Purely by coincidence (which means: by providential design), I spent my spare time in the days before the release of Pope Benedict XVI's encyclical Saved by Hope ("Spe Salvi") reading a book about hopeless people. Vile Bodies is one of Evelyn Waugh's early — i.e., pre-Catholic — novels and a powerful piece of work.
The book is a scathing satirical portrait of the British upper classes between two World Wars. Beneath the hard-as-diamonds glittering surface, it's a profoundly serious tale, and one that, though originally published in 1930, could have been written the day before yesterday and set in Tahoe or Palm Beach as easily as London.
The bright young people who circle like lost souls at the center of the story are casual nihilists whose motto, as one character puts it, is "If a thing's not worth doing well, it's not worth doing at all." Never having found anything worth doing well, they pass their days partying, drinking, and fornicating. By story's end, two are dead — one by suicide — and the rest dispersed. The surreal last scene takes place on a battlefield of a new Great War, where the hero, a general, and a prostitute drink champagne in an abandoned Daimler.
The book provided a singularly effective scene-setter for my reading of Saved by Hope, which in its own way is as brilliant as Waugh's novel. Unlike the novel, though, it has an irresistibly positive message that speaks directly to the state of contemporary hopelessness.
Why hope as a subject for Pope Benedict's second encyclical? Because many people today don't know what hope is, many have lost it or never had it, and especially because it's central to life in Christ. It is a "distinguishing mark" of Christians, Benedict remarks, "that they have a future…they know in general terms that their life will not end in emptiness." This is knowledge that makes all the difference. "The one who has hope lives differently; the one who hopes has been granted the gift of a new life."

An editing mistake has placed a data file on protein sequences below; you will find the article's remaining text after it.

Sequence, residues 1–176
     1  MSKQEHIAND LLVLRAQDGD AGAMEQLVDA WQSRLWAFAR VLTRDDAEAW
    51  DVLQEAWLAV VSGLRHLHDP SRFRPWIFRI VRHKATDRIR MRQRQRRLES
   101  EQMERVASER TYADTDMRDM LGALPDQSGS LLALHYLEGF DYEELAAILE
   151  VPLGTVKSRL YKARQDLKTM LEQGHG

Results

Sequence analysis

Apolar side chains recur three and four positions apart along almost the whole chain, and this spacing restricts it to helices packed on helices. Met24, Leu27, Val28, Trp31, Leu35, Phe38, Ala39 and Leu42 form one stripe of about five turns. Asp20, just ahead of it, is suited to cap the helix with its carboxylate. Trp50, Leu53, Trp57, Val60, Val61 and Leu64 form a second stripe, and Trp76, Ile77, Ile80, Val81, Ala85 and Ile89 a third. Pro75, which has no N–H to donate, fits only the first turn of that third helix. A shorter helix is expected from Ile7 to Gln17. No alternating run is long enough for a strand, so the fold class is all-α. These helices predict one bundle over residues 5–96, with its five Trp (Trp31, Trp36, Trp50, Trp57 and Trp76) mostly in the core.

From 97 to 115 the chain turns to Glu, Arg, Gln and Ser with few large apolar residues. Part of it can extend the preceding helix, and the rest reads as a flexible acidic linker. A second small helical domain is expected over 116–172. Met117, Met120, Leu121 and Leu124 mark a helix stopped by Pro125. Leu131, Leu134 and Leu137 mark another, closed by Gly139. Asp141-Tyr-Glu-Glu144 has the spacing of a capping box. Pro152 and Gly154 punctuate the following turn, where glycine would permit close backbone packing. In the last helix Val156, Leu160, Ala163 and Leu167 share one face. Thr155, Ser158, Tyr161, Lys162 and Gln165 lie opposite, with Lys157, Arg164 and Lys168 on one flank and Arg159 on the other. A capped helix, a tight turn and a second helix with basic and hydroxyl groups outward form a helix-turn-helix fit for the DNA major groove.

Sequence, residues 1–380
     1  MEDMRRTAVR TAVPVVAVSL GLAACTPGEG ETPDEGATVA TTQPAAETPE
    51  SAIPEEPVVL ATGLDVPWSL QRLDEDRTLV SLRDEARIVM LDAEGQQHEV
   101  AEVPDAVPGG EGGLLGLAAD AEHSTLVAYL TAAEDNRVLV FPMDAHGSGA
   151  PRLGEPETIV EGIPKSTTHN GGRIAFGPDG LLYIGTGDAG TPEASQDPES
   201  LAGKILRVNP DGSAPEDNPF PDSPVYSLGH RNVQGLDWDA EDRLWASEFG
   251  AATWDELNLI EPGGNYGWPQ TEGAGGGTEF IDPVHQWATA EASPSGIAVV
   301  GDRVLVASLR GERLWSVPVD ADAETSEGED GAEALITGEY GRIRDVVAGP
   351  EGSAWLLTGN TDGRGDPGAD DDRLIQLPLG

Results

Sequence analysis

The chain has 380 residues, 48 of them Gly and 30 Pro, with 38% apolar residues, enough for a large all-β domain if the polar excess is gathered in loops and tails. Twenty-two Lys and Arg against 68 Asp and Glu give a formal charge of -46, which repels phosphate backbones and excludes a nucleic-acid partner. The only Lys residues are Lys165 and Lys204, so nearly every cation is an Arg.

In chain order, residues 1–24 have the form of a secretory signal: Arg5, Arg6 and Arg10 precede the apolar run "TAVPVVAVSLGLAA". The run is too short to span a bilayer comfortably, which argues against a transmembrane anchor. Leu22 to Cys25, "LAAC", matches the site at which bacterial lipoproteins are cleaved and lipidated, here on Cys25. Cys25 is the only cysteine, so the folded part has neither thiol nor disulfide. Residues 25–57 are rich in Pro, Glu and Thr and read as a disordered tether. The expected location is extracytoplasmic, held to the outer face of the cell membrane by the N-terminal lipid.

In the space available here it isn't possible to summarize this rich, complex, and extremely well written document. Let me simply suggest some of its richness by concentrating on just one section in which the Pope speaks about suffering.
For even the bravest nonbeliever, suffering is an experience ultimately without meaning — conclusive evidence for the terrible absurdity of human life. Not so for persons with Christian hope. "Suffering and torment is still terrible and well-nigh unbearable," Benedict writes. "Yet the star of hope has risen — the anchor of the heart reaches the very throne of God….Suffering — without ceasing to be suffering — becomes, despite everything, a hymn of praise."
This is not a solitary, individualistic experience. In the light of hope, suffering has a crucial social dimension. "The true measure of humanity is essentially determined in relationship to suffering and to the sufferer," the Pope affirms. And again: "To suffer with the other and for others; to suffer out of love in order to become a person who truly loves — these are fundamental elements of humanity."
Released November 30, Saved by Hope looks to the hope-filled seasons of Advent and Christmas. In these weeks the liturgies ring with Isaiah's words: "The people who walked in darkness have seen a great light….For to us a child is born" (Is 9.2,6). Isaiah wrote of the saving light to come for which God's people longed. Now we celebrate its presence in the manger in Bethlehem. That presence, as Pope Benedict so beautifully explains, is precisely the ground of our hope.